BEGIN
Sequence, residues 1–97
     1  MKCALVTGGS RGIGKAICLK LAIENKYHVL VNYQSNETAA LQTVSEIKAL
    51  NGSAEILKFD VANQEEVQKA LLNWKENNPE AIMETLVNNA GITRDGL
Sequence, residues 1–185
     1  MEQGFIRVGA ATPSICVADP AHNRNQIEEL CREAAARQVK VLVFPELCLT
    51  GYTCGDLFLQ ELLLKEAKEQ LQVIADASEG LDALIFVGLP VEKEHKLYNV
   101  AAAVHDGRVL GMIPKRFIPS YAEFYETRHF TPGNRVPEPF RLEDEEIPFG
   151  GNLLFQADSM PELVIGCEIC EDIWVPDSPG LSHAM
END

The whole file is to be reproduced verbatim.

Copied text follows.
Sequence, residues 1–97
     1  MKCALVTGGS RGIGKAICLK LAIENKYHVL VNYQSNETAA LQTVSEIKAL
    51  NGSAEILKFD VANQEEVQKA LLNWKENNPE AIMETLVNNA GITRDGL
Sequence, residues 1–185
     1  MEQGFIRVGA ATPSICVADP AHNRNQIEEL CREAAARQVK VLVFPELCLT
    51  GYTCGDLFLQ ELLLKEAKEQ LQVIADASEG LDALIFVGLP VEKEHKLYNV
   101  AAAVHDGRVL GMIPKRFIPS YAEFYETRHF TPGNRVPEPF RLEDEEIPFG
   151  GNLLFQADSM PELVIGCEIC EDIWVPDSPG LSHAM